By Andrew Matte
Windspeaker Contributor, REGINA
Volume:28 Issue: Year: 2010
Among top complaints from chiefs, federation senators and other leaders were Saskatchewan’s plan to reduce the number of cigarettes that can be purchased tax-free on First Nations, as well as what leaders complained was a lack of consultation from governments with First Nations in the province.
Other issues, including the treatment of First Nations children placed in foster care, gang violence, funding for First Nation initiatives and rural Saskatchewan roads were included in dozens of speeches made during the assembly held in Regina on June 9 and 10.
The strongest words came from Gordon First Nation Chief Glen Pratt, who slammed the province over its duty to consult, an obligation that springs from Supreme Court of Canada decisions that have ruled that government must consult First Nations whenever decisions are made that affect treaty and territorial rights.
Pratt urged chiefs and other leaders to participate in civil disobedience and other non-traditional means of settling disputes, rather than go to the courts to argue their cases.
“Let’s create another Oka to deal with this problem once and for all. The existing process isn’t working. This will get us the results we want ... Unless we join together and create uncertainty, then we’re not going to be dealt with in a timely manner,” Pratt said to applause from the crowd. “It’s time to slap back.
“Legal action comes second. Taking political action comes first. We need to teach our young people how to take a stand.” (Pratt was critical of the province for too often leaving out Aboriginal peoples whenever it makes economic plans.
“It is the goal of the province of Saskatchewan to keep us out of the economic development of this province,” Pratt said.
“This is like economic oppression,” he said.
Pratt also urged First Nations leaders to renegotiate deals with the province and developers because the real estate boom in recent years has made all land more valuable. He said land where developers are seeking natural resources is particularly valuable.
“The land is worth 10 to 20 times what it used to be worth,” he said. “The value of land has increased ... They’re auctioning off our mineral resources, and they are taking bids from big industrial players from other countries.”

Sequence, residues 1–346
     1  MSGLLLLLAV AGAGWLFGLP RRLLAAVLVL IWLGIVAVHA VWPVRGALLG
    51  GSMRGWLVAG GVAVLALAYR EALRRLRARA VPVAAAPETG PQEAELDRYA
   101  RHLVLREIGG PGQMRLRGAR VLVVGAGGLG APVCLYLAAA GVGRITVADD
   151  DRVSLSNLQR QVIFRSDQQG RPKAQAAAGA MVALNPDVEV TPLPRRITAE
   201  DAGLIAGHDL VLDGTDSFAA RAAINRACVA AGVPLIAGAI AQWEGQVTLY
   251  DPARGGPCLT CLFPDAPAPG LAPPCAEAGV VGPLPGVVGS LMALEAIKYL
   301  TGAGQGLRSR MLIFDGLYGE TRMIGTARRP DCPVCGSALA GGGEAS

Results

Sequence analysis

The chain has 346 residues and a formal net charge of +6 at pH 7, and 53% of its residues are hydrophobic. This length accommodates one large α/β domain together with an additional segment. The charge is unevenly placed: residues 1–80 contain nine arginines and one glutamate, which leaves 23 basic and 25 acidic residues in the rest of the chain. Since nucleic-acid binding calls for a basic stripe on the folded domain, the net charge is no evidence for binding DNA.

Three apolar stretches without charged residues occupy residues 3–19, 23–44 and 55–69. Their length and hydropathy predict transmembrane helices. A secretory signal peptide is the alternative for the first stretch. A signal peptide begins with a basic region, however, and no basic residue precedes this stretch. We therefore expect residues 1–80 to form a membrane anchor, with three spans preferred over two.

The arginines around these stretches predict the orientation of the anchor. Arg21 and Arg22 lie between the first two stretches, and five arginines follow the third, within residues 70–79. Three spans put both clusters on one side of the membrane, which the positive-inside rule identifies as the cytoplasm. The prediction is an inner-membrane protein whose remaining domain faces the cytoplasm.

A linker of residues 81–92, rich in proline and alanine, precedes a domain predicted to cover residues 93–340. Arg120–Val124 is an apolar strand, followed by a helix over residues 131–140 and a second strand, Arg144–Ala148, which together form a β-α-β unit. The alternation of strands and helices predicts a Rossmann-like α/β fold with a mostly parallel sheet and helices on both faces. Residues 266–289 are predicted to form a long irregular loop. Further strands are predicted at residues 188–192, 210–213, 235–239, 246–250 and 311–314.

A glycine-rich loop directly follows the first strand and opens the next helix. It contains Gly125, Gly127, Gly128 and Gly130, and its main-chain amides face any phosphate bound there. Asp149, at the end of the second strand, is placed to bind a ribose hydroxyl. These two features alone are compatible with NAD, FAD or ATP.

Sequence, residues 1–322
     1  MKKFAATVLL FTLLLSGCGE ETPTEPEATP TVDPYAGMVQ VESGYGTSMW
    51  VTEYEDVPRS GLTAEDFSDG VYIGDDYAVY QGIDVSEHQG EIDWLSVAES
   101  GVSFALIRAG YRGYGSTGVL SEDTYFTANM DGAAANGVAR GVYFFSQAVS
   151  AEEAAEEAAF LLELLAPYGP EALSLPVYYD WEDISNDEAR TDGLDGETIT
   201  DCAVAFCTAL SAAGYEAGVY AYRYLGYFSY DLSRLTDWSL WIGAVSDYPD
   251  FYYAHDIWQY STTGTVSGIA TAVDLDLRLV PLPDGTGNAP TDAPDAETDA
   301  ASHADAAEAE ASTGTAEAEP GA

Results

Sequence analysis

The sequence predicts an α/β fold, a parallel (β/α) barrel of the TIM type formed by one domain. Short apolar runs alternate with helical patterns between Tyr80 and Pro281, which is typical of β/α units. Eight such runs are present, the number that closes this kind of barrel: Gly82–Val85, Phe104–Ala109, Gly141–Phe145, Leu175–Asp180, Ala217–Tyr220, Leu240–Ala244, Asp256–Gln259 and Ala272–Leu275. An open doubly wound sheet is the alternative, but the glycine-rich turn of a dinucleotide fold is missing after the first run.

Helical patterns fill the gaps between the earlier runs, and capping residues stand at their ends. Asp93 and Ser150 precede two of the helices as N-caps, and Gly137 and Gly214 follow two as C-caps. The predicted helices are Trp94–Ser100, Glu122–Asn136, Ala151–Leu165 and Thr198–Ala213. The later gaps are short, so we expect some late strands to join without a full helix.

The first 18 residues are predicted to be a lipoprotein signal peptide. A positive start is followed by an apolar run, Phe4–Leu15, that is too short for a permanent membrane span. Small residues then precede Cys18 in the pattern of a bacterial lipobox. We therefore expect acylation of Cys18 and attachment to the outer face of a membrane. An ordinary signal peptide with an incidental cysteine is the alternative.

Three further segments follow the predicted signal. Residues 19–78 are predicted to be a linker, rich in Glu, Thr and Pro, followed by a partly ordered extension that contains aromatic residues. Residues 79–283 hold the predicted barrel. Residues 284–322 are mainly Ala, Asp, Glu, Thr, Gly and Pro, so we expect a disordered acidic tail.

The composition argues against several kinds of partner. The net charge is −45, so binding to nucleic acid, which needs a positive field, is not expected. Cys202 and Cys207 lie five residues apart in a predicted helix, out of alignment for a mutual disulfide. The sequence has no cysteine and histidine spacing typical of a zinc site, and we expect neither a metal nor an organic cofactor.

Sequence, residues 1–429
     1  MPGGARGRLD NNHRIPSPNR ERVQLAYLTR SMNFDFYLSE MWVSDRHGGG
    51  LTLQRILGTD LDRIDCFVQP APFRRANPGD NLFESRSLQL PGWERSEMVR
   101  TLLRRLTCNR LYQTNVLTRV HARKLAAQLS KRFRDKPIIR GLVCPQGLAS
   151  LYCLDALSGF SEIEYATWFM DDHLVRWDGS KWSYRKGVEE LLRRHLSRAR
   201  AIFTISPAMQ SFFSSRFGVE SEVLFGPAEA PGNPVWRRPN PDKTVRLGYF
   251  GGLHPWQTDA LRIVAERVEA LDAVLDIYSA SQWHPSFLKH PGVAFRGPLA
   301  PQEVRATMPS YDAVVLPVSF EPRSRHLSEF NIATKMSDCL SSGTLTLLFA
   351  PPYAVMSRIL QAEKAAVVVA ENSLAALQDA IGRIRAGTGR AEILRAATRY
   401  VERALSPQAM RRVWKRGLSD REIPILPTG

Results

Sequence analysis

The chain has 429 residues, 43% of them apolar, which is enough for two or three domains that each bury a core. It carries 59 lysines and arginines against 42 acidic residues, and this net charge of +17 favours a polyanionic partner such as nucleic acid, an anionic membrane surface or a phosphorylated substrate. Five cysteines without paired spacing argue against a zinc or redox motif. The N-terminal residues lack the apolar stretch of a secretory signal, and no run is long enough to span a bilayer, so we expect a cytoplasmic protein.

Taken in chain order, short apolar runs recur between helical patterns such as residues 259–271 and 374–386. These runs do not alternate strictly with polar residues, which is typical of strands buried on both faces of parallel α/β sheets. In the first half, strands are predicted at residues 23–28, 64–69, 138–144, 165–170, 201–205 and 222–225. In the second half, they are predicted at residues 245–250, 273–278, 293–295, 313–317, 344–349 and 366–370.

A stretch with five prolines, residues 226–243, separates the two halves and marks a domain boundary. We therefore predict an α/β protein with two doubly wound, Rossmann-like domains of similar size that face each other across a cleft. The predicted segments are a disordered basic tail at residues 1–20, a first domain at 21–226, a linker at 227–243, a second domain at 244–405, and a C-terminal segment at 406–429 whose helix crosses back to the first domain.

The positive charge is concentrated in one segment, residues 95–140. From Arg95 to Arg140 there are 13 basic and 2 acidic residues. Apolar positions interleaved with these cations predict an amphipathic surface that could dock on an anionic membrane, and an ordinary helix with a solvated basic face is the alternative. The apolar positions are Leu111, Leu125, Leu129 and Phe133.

Senator George PeeAce was critical of both the federation and the Saskatchewan government for its handling of the tobacco tax issue.
PeeAce said the province’s plan to introduce a new tax was illegal because the exemption is protected in deals between the federation and the federal government. PeeAce also slammed his colleagues for not doing enough to protect First Nation rights.
“Someone needs to put their foot down and say ‘hey, province, it’s up to us to tax. If we feel we need to tax, then we’ll tax.’ There’s a treaty in place (that protects) this exemption. So stay out of here,” PeeAce told the crowd.
“Brad Wall wants to come in and tax us at the reserve level if you buy more than one carton of tobacco per week. We won’t allow that to happen.”
Federation Grand Chief Guy Lonechild encouraged bands across Saskatchewan to do better when it comes to communication. He hopes First Nations will join forces whenever there is a battle with the provincial and federal governments.
“We need your help. We need to work together, speak with one voice,” Lonechild told the gathering.
Lonechild also encouraged both the provincial and First Nations governments to do more to protect First Nations children.
“There are young girls here in Regina, Saskatoon and in Prince Albert that need a voice that can be heard. There are girls being sold on the streets and we can’t let that happen,” Lonechild said, adding Aboriginal children too often wind up being cared for by non-Aboriginal foster families.
“The provincial government is taking our children out of our homes. And we can’t let that happen any longer.”
Federation Vice-chief Delbert Wapass said First Nations groups and the provincial government need to do more to battle gangs, which will help protect children, help eradicate prostitution, graffiti, street violence and drug trafficking.
“It’s one thing to say we want to do something, we want to work in partnership with First Nations to address this issue. But it’s another thing to put the resources and action behind it,” he said, adding he’s encouraging corrections officials to allow First Nations ceremonies and other events inside provincial prisons.